As I look out my windows this week, I see drizzle and mountains lost in gray clouds. Last week’s sun and warmth is gone, and winter has moved in.
I love the colors of winter – deep violets, grays, and blues. With the shift in light, color, and temperatures, comes a subtle shift in mood as well. Despite the beauty, too many gray days in a row can leave me feeling a little blue.
There are two ways to approach the winter blues – one is resistance. But of course resistance leads us no where when we cannot control the weather. The second approach is acceptance. Embracing the weather means looking for the beauty, finding a sense of gratitude, and knowing the best ways to care for ourselves when we feel the winter blues coming on.
I struggle with mild Seasonal Affective Disorder (SAD), and this year I am entering the season with a plan to stay as healthy, energetic, and happy as I can.
Dr. Norman Rosenthal describes SAD:
Seasonal Affective Disorder is a type of depression that occurs regularly, every autumn and winter, when the days get short and dark, though it may occur at other times as well. The reason it occurs mostly during the winter months is that one of the main causes of the condition is a lack of sunlight. Other situations in which people don’t get enough sunlight include cloudy or rainy periods at other times of year, living in dark places and working for long hours in dark offices. Whenever there is insufficient sunlight, those people who are vulnerable to Seasonal Affective Disorder may develop symptoms.
As a health coach working with people by phone and Skype from places all over the United States, I discovered just how common seasonal affective disorder is. During our conversations, people often shared with me their low energy, lack of motivation, and difficulty with depression during the darker months of the winter. Symptoms of SAD range from mild to severe.
Self-awareness is crucial, as is having a plan. Here are the strategies I’m using to keep myself healthy this season:
Get More Rest
Although circumstances of life often prevent us from going to bed earlier and sleeping later, try to make adjustments where you can. Winter is traditionally a time for slowing down, reflection, and more restful activities. Keep this in mind as you plan your activities, especially now during the holiday season. Make rest a priority.
Low energy and depression often leads to cravings for sweets and carbohydrates, which offer a serotonin boost. But too many carbohydrates and sugar can lead to a crash and feeling even more sluggish, not to mention winter weight gains. Balance your meals with healthy sources of protein and fat.
- Nuts and nut butters such as peanut, almond, and cashew provide both protein and healthy fats, and will give you a longer-lasting energy source. But avoid overdoing them, especially mindlessly munching – too many calories can add on weight.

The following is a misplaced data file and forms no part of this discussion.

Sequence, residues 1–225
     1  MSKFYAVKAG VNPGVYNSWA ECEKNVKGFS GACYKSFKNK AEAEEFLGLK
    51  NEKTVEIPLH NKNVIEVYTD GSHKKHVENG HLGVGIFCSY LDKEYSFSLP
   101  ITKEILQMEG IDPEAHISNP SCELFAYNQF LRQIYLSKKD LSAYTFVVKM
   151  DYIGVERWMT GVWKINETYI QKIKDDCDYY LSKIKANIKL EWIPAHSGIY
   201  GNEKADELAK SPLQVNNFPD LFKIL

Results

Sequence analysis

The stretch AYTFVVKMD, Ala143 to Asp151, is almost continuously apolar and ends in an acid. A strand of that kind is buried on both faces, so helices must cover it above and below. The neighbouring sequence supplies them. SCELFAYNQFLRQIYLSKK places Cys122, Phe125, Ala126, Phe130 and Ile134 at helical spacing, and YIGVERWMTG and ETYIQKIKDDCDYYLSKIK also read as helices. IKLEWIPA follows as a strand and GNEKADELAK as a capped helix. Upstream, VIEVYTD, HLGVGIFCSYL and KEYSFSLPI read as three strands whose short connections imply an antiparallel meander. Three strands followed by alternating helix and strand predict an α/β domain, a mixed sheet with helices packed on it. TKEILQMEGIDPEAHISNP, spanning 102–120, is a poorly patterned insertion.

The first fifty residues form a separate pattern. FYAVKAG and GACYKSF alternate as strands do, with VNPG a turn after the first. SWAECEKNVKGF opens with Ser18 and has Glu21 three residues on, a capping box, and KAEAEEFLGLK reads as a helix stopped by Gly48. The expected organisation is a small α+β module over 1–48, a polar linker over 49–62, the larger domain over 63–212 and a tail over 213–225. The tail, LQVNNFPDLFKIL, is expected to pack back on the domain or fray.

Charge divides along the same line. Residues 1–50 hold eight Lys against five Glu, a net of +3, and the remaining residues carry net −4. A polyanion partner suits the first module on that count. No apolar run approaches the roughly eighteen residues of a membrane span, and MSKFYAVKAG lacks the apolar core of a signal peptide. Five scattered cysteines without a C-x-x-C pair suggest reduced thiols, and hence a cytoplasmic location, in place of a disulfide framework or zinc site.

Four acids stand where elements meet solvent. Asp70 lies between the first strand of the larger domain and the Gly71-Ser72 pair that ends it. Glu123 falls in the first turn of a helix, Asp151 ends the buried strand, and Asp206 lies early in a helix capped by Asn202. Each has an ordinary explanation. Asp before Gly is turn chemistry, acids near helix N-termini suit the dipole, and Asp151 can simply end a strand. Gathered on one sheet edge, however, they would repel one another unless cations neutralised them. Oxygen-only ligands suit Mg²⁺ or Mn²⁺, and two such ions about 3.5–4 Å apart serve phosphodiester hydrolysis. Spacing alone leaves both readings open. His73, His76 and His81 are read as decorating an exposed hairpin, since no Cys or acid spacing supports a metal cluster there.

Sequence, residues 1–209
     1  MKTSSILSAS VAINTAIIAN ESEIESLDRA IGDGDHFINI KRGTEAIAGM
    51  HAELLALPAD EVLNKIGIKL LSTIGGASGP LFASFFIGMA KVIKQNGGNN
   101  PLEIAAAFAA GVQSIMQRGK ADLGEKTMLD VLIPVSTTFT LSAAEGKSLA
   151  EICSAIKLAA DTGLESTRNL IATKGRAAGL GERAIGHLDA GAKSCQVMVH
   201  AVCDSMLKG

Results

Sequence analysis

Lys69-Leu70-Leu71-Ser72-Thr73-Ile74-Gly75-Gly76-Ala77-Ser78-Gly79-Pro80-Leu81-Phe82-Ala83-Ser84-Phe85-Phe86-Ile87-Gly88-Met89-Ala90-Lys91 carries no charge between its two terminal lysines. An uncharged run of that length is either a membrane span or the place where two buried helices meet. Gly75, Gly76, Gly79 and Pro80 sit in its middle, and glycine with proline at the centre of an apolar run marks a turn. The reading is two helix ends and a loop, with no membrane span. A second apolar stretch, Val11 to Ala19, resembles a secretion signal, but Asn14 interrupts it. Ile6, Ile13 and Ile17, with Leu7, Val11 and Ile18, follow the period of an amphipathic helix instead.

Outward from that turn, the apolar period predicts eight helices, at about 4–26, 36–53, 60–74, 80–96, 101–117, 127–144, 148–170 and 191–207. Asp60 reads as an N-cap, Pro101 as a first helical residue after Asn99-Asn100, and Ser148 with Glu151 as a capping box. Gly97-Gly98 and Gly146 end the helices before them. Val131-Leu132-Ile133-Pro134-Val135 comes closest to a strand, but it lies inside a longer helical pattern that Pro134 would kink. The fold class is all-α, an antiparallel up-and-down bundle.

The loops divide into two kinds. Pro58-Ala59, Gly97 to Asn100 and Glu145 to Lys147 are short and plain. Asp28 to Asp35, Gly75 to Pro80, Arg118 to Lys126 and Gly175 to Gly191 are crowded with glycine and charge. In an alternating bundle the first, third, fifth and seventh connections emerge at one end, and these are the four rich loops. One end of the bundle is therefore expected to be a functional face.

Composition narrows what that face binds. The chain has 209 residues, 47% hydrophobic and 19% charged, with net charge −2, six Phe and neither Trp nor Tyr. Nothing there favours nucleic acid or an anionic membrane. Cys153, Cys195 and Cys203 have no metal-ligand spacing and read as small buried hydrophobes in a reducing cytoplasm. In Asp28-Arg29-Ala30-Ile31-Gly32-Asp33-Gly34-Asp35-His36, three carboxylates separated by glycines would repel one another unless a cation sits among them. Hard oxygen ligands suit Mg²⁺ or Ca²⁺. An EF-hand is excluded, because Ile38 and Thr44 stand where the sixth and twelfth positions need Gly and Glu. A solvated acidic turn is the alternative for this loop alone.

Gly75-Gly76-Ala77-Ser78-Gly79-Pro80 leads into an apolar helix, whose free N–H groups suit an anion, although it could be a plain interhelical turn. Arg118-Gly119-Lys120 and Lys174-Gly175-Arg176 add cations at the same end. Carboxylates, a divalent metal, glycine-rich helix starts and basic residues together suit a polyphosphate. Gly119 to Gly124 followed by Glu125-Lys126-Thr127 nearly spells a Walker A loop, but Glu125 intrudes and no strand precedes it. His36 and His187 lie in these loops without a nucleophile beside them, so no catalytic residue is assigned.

- Cottage cheese, cheese cubes, and hard-boiled eggs make nice high-protein snacks for better energy. Combine with fruits and vegetables for a balanced snack with added nutrients.
- Find balance – include some of your favorite comfort foods in moderation
I use additional lights, especially in the morning, to brighten my winter home. White twinkly lights in my room, a simple table lamp added to the kitchen island, and even candles brighten my spaces and lift my mood. There are “light boxes” sold specifically for treating SAD, and I have spoken to a few people who use them with success. The Mayo Clinic has a brief article on choosing the best light boxes for treating SAD.
It can be a challenge to be physically active during the cold winter months, especially when the days are short. I find I enjoy being outside in all kinds of weather, but it takes a whole lot of motivation to get myself dressed properly and out the door. Even short walks in fresh air can have a big impact on our mood.
Try some stretches or yoga. American Council on Exercise (ACE) has an exercise library with illustrated instructions, and videos to help you choose exercises based on equipment (even if you have none), body part, and fitness level. Visit the library here.
Spend Time in Nature
There is something therapeutic about spending time in nature. When I lived in the city, a simple walk along a tree-lined street had an effect on me. Find a nature spot, bundle up, cover up, and learn to enjoy the changing beauty with the seasons.
Ups and downs in energy and enthusiasm are natural, and I try to remind myself it’s OK to have a bad day. But when bad days become the norm, I know I need to make adjustments. And I remind myself, the sun will return, and the days will get longer.
Do you experience changes with the seasons? Have you felt the winter blues? How do you take care of yourself during these times?